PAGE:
As shown in FIG. 3, the piston assembly 12 includes a piston core 28 containing ferromagnetic material. A magnet assembly 58 is part of the piston assembly 12. More particularly, a magnetic coil 60 is wound around an annular recess 62 in the outer surface 43 of the piston core 28. If the cylinder 14 is made from a soft magnetic material, for example, low carbon steel, the magnetic coil 60 generates a magnetic field as depicted by arrows 64. Electrical wiring 66 is routed through piston rod 22 to provide electrical current to the coil 60.
An annular flux ring assembly 40 is axially positioned adjacent the piston core 28 to form an inner annular flow gap or path 30 therebetween. The inner flow path 30 has a thickness determined by the radial distance between a cylindrical inner surface 41 of the flux ring assembly 40 and an outer surface 43 of the piston core 28. The flux ring assembly 40 is comprised of an upper and lower, annular, ferromagnetic flux rings 34, 38, respectively and an intermediate, nonmagnetic annular spacer 36. The annular spacer 36 axially, that is, longitudinally, positions and separates the ferromagnetic rings 34, 38.
Referring to FIG. 2, the annular spacer 36 includes nonmagnetic inwardly projecting members 52 that form an interrupted bearing on the outer surface 43 of the piston core 28. The projecting members 52 function to concentrically align the flux ring assembly 40 with the piston core 28 and to provide a concentric inner flow path 30. The concentric alignment is achieved independent of end members 32, 42.
In addition, the annular spacer 36 includes nonmagnetic outwardly projecting members 54 that form an interrupted bearing on the inner surface 48 of the cylinder 14. The piston assembly 12 is disposed in the cylinder 14 to form an outer flow gap or path 56 between the substantially cylindrical inner surface 48 of the cylinder 14 and the substantially cylindrical outer surface 57 of the flux ring assembly 40. Thus, the projecting members 52 function to concentrically align the piston assembly 12 with the cylinder 14, and such concentric alignment provides a concentric outer flow path 56 that has a constant and uniform width. The concentric, outer flow path 56 provides additional shear surface to increase damping performance and/or to allow shortening the piston assembly 12.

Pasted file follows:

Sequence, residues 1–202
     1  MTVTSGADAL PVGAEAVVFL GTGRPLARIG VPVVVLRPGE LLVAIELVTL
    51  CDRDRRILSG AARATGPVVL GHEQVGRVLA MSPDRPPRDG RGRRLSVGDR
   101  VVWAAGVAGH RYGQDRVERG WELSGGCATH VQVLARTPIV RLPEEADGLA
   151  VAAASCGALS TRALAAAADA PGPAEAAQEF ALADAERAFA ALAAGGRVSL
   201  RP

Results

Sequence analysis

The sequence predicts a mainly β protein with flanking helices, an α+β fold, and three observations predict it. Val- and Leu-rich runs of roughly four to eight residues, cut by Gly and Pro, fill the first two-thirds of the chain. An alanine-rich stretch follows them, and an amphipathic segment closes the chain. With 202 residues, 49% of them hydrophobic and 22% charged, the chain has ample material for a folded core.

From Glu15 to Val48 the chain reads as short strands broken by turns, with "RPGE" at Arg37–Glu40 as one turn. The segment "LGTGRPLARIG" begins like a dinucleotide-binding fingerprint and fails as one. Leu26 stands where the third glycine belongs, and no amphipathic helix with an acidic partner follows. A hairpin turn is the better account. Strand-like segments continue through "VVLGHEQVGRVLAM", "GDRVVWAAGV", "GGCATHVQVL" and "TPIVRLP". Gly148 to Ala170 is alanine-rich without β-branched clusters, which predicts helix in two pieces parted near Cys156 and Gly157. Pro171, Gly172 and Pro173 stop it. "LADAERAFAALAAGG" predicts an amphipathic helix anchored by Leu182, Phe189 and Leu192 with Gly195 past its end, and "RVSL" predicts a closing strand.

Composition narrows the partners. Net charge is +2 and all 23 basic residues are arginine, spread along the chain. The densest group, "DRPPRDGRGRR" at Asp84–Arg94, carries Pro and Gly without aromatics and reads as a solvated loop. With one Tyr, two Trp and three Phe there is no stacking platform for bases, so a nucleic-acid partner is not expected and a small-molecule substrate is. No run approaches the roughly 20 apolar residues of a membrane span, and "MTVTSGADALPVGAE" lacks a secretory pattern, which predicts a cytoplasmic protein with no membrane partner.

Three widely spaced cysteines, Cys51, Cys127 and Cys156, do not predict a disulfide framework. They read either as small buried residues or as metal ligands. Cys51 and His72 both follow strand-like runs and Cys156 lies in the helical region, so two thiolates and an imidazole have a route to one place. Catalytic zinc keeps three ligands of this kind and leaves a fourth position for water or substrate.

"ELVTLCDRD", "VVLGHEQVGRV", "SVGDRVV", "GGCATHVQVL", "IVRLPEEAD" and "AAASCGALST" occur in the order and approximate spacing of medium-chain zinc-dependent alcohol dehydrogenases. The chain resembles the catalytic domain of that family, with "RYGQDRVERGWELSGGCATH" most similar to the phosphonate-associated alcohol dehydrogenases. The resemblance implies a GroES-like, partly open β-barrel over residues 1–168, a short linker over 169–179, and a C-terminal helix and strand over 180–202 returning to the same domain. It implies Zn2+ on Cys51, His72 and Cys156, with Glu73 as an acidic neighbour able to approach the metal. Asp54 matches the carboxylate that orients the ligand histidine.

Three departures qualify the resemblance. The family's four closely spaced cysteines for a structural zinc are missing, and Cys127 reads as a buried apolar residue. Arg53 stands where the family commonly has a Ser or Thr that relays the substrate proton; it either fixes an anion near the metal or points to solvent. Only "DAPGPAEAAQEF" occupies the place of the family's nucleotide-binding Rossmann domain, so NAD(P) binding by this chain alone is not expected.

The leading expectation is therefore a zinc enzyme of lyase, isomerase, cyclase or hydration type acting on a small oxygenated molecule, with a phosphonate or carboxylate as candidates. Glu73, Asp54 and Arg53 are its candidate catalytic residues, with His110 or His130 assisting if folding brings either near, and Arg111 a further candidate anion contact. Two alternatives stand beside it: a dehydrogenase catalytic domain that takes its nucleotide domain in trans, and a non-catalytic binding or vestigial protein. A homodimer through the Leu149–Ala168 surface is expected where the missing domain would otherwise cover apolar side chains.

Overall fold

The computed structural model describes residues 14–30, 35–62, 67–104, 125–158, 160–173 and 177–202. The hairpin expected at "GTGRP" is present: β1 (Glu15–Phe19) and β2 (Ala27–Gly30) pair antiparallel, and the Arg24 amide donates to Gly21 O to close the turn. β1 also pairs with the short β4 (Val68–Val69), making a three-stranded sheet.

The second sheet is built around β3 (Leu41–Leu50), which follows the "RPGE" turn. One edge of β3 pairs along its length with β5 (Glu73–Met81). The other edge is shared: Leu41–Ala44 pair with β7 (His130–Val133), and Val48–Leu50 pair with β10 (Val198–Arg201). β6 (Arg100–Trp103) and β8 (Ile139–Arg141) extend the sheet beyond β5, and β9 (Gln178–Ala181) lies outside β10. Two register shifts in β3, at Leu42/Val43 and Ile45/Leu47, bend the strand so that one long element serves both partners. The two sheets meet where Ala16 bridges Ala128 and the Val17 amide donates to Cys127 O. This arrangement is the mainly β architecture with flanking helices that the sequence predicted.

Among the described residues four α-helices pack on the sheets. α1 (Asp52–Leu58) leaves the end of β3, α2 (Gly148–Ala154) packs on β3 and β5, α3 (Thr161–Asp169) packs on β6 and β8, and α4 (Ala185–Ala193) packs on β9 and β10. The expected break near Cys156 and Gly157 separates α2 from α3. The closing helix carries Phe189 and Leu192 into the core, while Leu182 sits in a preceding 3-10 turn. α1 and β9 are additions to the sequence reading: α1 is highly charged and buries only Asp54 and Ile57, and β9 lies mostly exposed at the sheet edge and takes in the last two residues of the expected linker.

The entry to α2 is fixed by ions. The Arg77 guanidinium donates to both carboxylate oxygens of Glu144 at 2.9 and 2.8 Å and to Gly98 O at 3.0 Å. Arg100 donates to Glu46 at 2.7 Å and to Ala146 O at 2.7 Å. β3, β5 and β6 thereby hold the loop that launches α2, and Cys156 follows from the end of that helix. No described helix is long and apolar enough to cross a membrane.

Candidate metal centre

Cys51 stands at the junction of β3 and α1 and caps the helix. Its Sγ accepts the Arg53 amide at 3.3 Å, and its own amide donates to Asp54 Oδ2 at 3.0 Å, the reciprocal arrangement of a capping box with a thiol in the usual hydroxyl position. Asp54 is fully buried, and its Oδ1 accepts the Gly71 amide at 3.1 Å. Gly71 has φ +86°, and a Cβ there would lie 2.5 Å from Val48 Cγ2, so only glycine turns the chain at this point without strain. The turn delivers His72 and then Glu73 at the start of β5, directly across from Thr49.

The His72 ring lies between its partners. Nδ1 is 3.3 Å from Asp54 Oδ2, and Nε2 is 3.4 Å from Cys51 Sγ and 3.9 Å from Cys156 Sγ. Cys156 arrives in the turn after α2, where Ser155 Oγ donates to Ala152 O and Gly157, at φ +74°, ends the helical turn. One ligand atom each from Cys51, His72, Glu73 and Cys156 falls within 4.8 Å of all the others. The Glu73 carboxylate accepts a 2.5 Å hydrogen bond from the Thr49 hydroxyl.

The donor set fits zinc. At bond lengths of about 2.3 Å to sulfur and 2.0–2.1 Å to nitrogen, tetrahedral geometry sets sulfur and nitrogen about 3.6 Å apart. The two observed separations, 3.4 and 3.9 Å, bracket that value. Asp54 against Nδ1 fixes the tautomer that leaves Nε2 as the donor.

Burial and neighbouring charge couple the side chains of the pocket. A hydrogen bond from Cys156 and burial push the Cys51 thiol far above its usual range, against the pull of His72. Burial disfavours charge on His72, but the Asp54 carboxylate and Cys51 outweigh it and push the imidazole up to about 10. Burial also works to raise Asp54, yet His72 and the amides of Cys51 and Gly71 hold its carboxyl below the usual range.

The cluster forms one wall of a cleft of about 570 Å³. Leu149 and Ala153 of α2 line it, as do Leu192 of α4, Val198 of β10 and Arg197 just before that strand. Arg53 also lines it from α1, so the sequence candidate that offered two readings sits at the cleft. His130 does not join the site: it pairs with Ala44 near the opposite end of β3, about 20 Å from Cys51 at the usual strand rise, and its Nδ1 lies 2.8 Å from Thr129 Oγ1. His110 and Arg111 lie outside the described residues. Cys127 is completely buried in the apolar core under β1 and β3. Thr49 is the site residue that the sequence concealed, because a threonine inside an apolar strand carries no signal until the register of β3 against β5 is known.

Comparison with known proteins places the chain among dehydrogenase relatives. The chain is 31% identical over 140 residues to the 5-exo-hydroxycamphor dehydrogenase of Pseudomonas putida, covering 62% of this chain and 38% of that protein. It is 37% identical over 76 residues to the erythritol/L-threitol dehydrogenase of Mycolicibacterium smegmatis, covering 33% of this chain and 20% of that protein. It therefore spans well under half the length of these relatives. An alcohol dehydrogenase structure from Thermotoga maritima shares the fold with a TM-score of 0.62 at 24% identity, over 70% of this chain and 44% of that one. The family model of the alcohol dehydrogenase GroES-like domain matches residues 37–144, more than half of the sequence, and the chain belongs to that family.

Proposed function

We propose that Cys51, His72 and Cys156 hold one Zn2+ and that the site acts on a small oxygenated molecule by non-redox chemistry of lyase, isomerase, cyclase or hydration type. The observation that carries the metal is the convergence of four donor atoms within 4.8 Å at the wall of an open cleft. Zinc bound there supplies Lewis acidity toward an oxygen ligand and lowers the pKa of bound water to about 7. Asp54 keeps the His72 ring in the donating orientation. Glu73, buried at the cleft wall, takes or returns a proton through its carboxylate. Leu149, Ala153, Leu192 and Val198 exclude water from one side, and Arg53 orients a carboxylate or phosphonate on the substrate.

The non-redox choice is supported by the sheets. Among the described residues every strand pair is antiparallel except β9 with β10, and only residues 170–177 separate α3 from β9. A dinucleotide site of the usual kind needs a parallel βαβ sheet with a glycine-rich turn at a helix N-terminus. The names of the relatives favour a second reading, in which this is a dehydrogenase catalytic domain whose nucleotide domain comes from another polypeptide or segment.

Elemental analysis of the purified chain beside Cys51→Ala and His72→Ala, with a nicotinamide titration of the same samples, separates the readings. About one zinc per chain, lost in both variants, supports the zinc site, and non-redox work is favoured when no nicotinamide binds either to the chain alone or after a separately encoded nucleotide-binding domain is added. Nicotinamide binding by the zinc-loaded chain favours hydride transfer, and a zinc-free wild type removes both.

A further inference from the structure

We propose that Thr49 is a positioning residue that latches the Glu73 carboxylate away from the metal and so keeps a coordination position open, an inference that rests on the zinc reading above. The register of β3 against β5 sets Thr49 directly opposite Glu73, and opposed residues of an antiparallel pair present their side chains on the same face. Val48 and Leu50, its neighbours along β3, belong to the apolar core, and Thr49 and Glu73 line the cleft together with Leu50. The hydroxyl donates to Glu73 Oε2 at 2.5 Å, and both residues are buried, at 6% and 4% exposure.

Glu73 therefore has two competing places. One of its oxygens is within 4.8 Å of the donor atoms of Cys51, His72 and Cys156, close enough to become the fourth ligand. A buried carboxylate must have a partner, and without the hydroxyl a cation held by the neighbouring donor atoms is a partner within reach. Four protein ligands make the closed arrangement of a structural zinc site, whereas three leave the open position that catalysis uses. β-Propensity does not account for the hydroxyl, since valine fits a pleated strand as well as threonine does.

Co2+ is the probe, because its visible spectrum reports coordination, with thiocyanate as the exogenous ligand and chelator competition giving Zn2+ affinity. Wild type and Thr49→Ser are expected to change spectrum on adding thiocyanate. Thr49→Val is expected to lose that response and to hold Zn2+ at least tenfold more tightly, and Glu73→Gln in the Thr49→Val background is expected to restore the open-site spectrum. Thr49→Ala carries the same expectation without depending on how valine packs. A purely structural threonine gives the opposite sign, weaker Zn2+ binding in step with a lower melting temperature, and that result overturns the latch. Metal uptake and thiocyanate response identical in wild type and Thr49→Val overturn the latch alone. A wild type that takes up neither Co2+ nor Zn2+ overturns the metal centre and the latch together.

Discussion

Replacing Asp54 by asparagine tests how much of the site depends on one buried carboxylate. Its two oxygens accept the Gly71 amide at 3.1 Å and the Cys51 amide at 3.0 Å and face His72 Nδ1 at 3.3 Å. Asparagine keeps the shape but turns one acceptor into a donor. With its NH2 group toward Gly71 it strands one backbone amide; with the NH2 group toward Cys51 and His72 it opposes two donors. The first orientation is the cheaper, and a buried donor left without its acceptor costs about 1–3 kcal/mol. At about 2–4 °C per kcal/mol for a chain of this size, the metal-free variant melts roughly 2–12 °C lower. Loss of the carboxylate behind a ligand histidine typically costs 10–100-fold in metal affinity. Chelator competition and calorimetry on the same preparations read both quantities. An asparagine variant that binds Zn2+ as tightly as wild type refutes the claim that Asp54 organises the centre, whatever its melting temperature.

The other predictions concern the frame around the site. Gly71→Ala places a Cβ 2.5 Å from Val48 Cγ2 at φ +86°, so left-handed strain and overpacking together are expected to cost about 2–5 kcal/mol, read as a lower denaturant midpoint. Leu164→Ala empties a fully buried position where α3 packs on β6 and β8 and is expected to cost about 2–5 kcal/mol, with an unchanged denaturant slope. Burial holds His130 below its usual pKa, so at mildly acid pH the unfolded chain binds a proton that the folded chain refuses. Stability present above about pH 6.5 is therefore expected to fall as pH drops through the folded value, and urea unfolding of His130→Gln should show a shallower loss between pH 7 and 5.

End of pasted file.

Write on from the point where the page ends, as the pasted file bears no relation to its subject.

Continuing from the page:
The ferromagnetic ring assembly 40 has aligning elements 67, 69 to hold the ferromagnetic rings 34, 38 in a concentric alignment with the spacer 36. Each of the opposite ends of the annular spacer 36 has an annular groove 67 disposed therein. One end of each ferromagnetic member 34, 38 has a lip 69 with a cross-sectional shape mating or interlocking with a cross-sectional shape of the groove 67. Thus, when the lips 69 are placed in the grooves 67, respective inner and outer surfaces of the ferromagnetic rings 34, 38 and spacer 36 are aligned to form substantially uninterrupted and contiguous inner and outer surfaces 41, 57 of the flux ring assembly 40. Such contiguous surfaces 41, 57 maintain a substantially laminar flow of the MR fluid through the inner and outer flow paths 30, 56, thereby providing a predictable and consistently repeatable shearing action. The aligning elements 67, 69 also maintain the whole of the flux ring assembly 40 concentrically aligned with the piston assembly 12. As will be appreciated, the aligning elements may take many different forms and shapes as well as be located continuously or intermittently around the ends of the annular spacer 36 and ferromagnetic elements 34, 38.